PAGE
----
A pictorial history of aviation from 1939-1945.
Beginning in 1939-40 with the German blitzkrieg and the Battle of Britain, aircraft repeatedly turned the tide of war. Their worth was proved in many roles besides bombing and airborne assault, including air defense, support of ground operations, maritime patrol, shipping strikes, transport support and reconnaissance. Warplanes became indispensable and revolutionized the character of war.
In Aviation Century World War II, stunning images of preserved and restored wartime aircraft are combined with archival photographs of the world's first well-photographed war to tell an unprecedented visual story of World War II. The unforgettable images are accompanied by insightful text that explains the strategic role of warplanes and describes the types and models of aircraft used by each nation, and re-tells the dramatic stories of the war.
Forewords for Aviation Century World War II are written by World War II veteran pilots Ramsay Potts and Don Lopez.
Ron Dick served with the Royal Air Force for thirty-eight years, retiring as an Air Vice-Marshal. During his career, he flew sixty different types of aircraft, accumulating over 5,000 hours of flight time. In addition to the five-volume Aviation Century series, he has co-authored five other books with Dan Patterson. He lives in Fredericksburg, Virginia.
Dan Patterson is the recipient of the first annual Combs Award, presented by the National Aviation Hall of Fame and business aviation legend Harry Combs to honor a photographer's contribution to the preservation of America's air and space heritage. Patterson's images are featured in fourteen books. He lives in Dayton, Ohio
Air Vice-Marshal Ron Dick
In 1939, when the curtain rose on the first act of WWII in Europe, none of the major powers had clear ideas on how air power might best be used to influence the conflict. The predominant interwar theories had suggested that strategic bombing would be air power's most significant role, with fleets of bombers assaulting the essential structure of an enemy nation, thereby undermining the morale of its people and destroying its capacity to wage war. Strongly represented though these ideas were, they were set aside by most nations. By 1939, only the United States and Britain were making serious attempts to establish strategic bombing forces. However, both had officially left behind the original concept of attacking civilian populations and were proclaiming that their bombers would strike with rapier-like precision at specific targets. Unfortunately, the Anglo-Americans had paid insufficient attention to the practicalities of such a policy. The available instruments of aerial destruction were soon shown to be inadequate for so demanding a task.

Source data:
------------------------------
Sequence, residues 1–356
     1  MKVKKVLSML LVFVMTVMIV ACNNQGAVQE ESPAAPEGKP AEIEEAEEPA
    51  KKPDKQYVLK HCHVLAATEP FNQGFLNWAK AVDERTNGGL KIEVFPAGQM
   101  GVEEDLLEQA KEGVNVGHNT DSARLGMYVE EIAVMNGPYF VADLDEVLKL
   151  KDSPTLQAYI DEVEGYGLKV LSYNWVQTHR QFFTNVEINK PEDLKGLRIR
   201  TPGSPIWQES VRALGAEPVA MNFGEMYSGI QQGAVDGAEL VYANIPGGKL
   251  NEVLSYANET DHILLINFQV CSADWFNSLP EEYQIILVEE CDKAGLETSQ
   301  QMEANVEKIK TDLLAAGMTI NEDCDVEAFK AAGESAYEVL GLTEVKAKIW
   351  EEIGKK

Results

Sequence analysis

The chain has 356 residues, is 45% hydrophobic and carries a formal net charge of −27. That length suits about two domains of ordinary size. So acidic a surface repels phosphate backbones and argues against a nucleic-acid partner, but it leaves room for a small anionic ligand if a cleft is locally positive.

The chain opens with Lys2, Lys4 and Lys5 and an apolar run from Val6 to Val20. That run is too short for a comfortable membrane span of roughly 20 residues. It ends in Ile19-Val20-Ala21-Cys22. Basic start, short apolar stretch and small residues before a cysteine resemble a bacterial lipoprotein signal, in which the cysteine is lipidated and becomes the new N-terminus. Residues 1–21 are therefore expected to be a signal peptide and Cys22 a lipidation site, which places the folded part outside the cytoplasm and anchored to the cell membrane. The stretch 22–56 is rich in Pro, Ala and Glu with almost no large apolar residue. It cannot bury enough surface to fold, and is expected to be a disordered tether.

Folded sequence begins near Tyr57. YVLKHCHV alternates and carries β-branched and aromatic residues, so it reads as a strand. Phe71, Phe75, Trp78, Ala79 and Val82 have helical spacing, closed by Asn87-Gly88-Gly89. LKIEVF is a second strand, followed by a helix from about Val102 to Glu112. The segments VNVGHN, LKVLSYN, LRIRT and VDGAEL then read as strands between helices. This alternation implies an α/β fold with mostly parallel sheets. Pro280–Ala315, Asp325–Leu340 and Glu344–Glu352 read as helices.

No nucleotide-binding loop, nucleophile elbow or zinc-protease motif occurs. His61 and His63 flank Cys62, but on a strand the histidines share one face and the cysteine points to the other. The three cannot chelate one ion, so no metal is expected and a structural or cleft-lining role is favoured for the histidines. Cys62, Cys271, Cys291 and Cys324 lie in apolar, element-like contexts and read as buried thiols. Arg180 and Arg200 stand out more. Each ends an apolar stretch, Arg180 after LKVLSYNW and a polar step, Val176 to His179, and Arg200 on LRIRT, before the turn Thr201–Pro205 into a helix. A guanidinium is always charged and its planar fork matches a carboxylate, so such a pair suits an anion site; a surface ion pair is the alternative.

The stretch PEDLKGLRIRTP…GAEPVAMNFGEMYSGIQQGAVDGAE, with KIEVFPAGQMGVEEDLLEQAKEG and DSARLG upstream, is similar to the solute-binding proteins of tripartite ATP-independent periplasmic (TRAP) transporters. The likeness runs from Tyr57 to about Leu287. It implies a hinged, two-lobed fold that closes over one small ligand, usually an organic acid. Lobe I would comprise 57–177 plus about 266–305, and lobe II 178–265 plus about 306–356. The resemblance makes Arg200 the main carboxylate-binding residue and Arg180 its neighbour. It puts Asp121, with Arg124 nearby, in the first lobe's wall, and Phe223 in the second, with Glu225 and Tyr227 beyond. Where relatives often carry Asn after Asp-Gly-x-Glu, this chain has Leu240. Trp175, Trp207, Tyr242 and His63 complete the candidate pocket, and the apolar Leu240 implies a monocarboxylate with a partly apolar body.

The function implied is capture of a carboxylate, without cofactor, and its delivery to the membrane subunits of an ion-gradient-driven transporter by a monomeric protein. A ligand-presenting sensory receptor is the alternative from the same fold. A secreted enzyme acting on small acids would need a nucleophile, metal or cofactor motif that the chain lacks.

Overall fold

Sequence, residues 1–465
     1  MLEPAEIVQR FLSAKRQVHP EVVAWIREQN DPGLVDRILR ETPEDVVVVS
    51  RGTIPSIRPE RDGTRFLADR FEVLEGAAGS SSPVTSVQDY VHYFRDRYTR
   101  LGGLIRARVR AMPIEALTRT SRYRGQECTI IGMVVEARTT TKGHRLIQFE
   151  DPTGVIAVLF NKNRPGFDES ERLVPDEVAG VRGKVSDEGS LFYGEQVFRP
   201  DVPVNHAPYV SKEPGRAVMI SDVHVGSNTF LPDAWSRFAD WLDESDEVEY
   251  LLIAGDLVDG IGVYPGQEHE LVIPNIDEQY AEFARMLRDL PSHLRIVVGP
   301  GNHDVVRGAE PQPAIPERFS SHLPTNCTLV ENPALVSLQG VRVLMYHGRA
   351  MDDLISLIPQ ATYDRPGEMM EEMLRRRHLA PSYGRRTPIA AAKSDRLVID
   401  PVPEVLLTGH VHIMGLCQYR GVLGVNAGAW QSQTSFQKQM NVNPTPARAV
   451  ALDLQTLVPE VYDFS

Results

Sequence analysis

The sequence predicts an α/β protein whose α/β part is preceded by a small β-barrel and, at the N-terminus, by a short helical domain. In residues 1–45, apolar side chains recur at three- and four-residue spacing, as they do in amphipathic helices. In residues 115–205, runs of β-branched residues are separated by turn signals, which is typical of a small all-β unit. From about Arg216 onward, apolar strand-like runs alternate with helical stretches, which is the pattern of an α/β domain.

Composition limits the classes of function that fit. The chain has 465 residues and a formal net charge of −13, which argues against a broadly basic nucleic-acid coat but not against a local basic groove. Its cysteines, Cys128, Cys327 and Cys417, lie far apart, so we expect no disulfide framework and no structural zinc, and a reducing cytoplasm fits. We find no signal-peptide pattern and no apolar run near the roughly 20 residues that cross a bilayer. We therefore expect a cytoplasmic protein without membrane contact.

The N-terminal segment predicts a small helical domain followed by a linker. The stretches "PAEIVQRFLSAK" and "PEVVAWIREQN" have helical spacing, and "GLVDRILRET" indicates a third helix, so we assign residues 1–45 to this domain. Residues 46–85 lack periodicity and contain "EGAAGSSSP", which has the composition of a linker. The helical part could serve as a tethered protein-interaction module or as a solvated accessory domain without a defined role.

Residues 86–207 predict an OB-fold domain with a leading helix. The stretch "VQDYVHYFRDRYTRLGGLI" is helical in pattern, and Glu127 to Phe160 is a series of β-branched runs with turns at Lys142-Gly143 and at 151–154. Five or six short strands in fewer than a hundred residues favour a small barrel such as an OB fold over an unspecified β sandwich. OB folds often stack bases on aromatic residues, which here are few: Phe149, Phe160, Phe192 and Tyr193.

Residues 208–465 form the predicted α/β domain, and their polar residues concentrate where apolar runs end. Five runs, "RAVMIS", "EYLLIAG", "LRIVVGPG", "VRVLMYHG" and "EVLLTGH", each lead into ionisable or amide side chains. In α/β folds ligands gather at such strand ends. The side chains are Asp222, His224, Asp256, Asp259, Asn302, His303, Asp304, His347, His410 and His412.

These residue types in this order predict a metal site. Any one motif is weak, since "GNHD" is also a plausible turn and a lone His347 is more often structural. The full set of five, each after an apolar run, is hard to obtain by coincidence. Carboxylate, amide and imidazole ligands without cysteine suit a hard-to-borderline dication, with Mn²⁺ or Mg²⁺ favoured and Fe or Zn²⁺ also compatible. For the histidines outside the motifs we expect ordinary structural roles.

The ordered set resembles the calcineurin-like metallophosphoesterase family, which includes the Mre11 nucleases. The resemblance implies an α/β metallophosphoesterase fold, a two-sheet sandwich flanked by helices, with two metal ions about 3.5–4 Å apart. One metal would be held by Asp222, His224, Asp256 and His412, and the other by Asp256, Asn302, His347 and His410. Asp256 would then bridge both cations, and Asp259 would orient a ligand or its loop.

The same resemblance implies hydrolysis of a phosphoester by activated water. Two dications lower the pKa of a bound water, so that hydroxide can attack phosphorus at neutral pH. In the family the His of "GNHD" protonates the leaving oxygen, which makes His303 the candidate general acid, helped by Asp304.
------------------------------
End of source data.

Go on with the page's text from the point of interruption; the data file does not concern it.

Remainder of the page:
The strategic air power theorists were wrong, too, in that it proved impossible to bring an enemy nation to its knees by using air power alone. The relentless and increasingly heavy pounding of Germany from the air over six long years failed by itself to force a surrender, vital though it was as an element of the combined Allied offensive. Nevertheless, in 1945 the theorists felt justified in claiming that their principal conclusion had been correct; it was the timing of its application that had been wrong. They could point out that the practitioners had jumped the gun in 1939 by reaching for the ultimate goal before the necessary equipment was at hand. Once the intercontinental bomber and the atomic bomb arrived, the theory and the means to prove it came together. The destruction of Hiroshima and Nagasaki from the air finally broke the Japanese will to resist. Would that not still have been the case if such a Draconian response from the United States had been possible four years earlier, immediately after Pearl Harbor?
Wherever the truth of the strategic argument lies, it is undeniable that few of those involved in the use of air power in 1939 could have predicted the extent to which aircraft would contribute to the Allied victory. Interwar emphasis on the bomber had perhaps veiled the real versatility of air power. In the event, beginning in 1939-40 with the German "blitzkrieg" and the Battle of Britain, aircraft turned the tide of war again and again. Their worth was proved in many roles besides bombing, including such varied tasks as air defense, close support of ground operations, interdiction, airborne assault, maritime patrol, shipping strikes, transport support, and reconnaissance. The flimsy, unarmed and often scorned contraptions of 1914 grew into indispensable items of military hardware. In the process, they revolutionized the character of warfare and influenced every aspect of the worldwide struggle.
PART I: EUROPE AND THE MIDDLE EAST
PART II: THE PACIFIC, CHINA, BURMA AND INDIA